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Hoffmann, R. A wiki for the life sciences where authorship matters. Nature Genetics (2008)

Cefodizime in serum and skin blister fluid after single intravenous and intramuscular doses in healthy volunteers.

In gonorrhea therapy, cephalosporins are conventionally administered by intramuscular (i.m.) injection, which rather frequently leads to local side effects. To investigate whether the well-tolerated intravenous (i.v.) injection of cephalosporins may be of comparable gonocidal effect, levels of cefodizime, a new broad-spectrum cephalosporin, in serum and tissue fluid (suction blister and cantharides blister fluid) were determined in six healthy men. Single doses of 1 g of cefodizime were injected i.v. and i.m. according to a randomized crossover design. On i.m. injection the drug was completely bioavailable, and the peak concentration in serum was 75 +/- 8 micrograms/ml. The terminal half-life of serum levels was 2.4 h. Cefodizime concentrations in the blister fluids increased for 1.5 to 3 h after the i.v. dose and for at least 3 h on i.m. administration. The concentrations of non-protein-bound cefodizime in blister fluid already exceeded the MIC for 90% of Neisseria gonorrhoeae strains 10 min after i.v. injection and 20 to 30 min after the i.m. dose. At 6 h after each dose, active concentrations were still present in serum. The results suggest that cefodizime administered i.v. and i.m. has equivalent high cure rates in uncomplicated gonorrhea. This hypothesis should be tested further by a controlled clinical trial. If equivalent, i.v. administration excels because it is better tolerated locally.[1]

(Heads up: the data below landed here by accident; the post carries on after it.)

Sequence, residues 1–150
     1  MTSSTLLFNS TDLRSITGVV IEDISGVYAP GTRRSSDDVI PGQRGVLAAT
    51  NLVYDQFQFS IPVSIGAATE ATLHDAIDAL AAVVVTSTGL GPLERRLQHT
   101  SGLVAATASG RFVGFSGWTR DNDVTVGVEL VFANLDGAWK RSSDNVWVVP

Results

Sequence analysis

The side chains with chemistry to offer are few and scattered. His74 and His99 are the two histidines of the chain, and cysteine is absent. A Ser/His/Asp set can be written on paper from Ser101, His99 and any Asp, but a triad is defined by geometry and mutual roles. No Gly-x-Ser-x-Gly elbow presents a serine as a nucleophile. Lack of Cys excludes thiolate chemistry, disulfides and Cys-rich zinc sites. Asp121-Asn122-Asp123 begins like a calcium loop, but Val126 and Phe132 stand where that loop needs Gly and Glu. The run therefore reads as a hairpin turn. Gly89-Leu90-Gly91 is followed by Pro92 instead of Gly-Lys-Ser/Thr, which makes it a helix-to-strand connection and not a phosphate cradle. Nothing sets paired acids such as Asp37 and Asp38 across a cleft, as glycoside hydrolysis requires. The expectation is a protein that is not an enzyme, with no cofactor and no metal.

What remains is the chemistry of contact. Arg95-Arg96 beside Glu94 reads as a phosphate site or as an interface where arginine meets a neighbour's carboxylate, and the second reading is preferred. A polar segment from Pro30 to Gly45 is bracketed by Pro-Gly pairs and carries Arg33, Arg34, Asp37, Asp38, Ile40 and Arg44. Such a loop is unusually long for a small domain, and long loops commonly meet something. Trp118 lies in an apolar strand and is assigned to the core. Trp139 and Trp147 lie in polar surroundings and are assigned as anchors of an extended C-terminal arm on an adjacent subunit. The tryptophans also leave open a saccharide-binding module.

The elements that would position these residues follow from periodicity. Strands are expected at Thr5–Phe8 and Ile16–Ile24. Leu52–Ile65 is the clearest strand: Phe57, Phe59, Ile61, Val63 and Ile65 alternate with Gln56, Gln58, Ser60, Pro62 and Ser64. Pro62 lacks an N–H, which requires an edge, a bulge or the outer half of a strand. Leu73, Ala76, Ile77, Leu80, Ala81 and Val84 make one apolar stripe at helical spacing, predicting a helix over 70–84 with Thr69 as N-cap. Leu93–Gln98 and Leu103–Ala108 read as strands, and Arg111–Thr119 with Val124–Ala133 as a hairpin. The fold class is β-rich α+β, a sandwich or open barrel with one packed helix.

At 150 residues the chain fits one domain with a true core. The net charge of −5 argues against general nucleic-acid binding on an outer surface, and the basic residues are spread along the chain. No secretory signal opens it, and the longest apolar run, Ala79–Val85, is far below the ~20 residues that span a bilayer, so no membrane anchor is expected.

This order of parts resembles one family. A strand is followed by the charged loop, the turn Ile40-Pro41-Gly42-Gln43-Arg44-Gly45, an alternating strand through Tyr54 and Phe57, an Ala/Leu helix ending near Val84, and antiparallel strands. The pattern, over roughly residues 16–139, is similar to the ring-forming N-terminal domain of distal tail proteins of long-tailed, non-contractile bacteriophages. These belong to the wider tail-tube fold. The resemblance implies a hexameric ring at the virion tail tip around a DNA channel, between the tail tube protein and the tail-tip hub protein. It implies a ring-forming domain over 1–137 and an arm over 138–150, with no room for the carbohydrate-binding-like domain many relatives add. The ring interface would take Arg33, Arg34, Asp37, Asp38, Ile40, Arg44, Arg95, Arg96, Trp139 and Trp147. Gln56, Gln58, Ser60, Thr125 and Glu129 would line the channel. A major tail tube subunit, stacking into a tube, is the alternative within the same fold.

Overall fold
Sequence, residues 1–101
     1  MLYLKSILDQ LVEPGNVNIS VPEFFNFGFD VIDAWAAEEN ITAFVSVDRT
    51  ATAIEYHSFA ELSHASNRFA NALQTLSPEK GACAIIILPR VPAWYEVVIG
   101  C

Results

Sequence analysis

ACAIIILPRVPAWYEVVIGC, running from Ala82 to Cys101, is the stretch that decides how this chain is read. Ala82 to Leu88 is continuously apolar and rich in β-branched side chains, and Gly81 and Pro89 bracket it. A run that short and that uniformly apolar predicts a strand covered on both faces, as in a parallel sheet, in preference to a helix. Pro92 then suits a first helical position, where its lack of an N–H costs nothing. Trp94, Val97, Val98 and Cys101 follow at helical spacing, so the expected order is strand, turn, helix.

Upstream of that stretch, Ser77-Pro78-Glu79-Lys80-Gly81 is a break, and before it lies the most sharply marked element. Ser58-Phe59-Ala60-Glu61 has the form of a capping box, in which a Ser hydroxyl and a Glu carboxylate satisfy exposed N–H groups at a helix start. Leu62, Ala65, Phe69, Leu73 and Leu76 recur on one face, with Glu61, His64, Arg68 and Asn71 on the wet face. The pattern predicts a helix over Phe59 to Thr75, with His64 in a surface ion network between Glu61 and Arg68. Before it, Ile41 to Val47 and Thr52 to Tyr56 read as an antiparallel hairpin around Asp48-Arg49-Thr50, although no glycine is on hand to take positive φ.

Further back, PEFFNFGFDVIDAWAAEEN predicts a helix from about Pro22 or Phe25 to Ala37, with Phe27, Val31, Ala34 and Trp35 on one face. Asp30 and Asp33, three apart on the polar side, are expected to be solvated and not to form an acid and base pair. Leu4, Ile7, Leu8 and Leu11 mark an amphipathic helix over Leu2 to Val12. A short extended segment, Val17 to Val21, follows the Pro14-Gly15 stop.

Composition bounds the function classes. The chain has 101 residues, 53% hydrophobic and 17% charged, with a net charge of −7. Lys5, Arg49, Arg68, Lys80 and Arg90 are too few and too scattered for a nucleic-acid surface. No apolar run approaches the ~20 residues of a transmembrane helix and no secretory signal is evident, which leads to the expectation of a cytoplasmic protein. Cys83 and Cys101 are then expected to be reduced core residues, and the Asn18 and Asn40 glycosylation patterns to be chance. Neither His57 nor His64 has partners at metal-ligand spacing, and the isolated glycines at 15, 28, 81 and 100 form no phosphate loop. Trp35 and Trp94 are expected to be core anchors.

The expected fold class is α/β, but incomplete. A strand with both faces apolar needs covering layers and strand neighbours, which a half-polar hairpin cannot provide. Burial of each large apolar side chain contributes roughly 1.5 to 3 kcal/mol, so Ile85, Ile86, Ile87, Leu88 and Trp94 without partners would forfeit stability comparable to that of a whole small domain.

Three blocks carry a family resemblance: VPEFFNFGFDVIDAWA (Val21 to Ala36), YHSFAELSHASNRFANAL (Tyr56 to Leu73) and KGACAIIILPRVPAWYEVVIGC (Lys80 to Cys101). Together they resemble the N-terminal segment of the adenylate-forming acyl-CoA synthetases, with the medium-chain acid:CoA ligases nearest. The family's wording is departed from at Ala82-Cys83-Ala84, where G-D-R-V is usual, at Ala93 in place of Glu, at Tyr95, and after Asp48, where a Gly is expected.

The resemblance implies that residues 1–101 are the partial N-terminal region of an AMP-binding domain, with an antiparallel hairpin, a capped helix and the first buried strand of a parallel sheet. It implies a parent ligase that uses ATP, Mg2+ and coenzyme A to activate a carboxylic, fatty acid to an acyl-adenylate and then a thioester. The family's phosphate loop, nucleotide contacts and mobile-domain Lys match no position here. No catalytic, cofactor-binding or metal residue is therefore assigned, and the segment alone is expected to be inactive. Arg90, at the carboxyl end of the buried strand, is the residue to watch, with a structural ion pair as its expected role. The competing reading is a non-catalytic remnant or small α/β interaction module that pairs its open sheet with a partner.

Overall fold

1. Cefodizime in serum and skin blister fluid after single intravenous and intramuscular doses in healthy volunteers. Korting, H.C., Schäfer-Korting, M., Maass, L., Klesel, N., Mutschler, E. Antimicrob. Agents Chemother. (1987) [Pubmed]
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